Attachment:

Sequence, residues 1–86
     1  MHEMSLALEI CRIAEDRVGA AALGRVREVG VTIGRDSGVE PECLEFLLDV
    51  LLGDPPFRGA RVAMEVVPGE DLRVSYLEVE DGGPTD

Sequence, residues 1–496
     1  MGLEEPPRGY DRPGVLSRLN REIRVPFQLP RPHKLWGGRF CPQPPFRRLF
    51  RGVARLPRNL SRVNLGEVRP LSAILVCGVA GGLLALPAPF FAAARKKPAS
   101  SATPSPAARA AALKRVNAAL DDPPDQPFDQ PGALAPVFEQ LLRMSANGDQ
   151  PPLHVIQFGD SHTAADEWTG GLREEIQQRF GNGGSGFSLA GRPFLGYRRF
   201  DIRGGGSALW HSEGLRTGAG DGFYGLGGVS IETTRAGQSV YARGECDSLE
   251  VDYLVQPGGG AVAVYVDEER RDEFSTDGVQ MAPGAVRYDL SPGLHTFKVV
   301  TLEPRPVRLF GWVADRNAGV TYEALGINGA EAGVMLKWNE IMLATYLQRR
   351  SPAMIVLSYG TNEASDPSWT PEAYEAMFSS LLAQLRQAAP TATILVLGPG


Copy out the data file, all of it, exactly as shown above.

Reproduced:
Sequence, residues 1–86
     1  MHEMSLALEI CRIAEDRVGA AALGRVREVG VTIGRDSGVE PECLEFLLDV
    51  LLGDPPFRGA RVAMEVVPGE DLRVSYLEVE DGGPTD

Sequence, residues 1–496
     1  MGLEEPPRGY DRPGVLSRLN REIRVPFQLP RPHKLWGGRF CPQPPFRRLF
    51  RGVARLPRNL SRVNLGEVRP LSAILVCGVA GGLLALPAPF FAAARKKPAS
   101  SATPSPAARA AALKRVNAAL DDPPDQPFDQ PGALAPVFEQ LLRMSANGDQ
   151  PPLHVIQFGD SHTAADEWTG GLREEIQQRF GNGGSGFSLA GRPFLGYRRF
   201  DIRGGGSALW HSEGLRTGAG DGFYGLGGVS IETTRAGQSV YARGECDSLE
   251  VDYLVQPGGG AVAVYVDEER RDEFSTDGVQ MAPGAVRYDL SPGLHTFKVV
   301  TLEPRPVRLF GWVADRNAGV TYEALGINGA EAGVMLKWNE IMLATYLQRR
   351  SPAMIVLSYG TNEASDPSWT PEAYEAMFSS LLAQLRQAAP TATILVLGPG